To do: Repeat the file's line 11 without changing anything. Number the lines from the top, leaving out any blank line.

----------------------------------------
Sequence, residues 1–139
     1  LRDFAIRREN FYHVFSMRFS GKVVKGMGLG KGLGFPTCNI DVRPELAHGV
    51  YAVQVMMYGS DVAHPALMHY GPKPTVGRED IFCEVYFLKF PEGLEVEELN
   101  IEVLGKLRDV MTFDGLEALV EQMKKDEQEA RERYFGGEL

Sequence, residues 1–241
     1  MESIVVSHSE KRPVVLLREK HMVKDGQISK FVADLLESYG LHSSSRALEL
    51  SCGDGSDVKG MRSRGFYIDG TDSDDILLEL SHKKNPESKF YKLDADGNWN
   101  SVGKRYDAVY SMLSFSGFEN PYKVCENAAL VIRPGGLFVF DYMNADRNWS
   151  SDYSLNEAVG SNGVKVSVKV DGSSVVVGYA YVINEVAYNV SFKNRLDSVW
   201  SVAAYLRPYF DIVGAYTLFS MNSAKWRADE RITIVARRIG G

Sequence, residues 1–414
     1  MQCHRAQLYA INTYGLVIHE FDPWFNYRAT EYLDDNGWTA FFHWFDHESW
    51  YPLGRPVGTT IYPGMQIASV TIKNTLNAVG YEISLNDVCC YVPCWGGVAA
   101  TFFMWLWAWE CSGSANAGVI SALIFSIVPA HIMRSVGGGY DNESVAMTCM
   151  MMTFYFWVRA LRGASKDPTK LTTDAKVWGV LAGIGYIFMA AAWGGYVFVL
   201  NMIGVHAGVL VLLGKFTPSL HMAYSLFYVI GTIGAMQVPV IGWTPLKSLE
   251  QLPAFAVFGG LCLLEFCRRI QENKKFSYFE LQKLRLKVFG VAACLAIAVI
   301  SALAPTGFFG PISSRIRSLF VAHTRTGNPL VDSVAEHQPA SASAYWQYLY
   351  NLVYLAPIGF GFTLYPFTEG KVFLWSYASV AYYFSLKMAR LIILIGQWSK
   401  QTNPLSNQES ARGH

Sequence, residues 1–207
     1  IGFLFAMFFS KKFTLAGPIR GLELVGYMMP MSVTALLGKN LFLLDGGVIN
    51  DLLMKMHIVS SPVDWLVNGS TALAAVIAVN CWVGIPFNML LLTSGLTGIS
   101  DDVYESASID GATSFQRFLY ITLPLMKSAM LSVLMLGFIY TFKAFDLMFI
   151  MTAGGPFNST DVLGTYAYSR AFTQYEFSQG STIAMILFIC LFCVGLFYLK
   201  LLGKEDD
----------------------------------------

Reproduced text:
Sequence, residues 1–414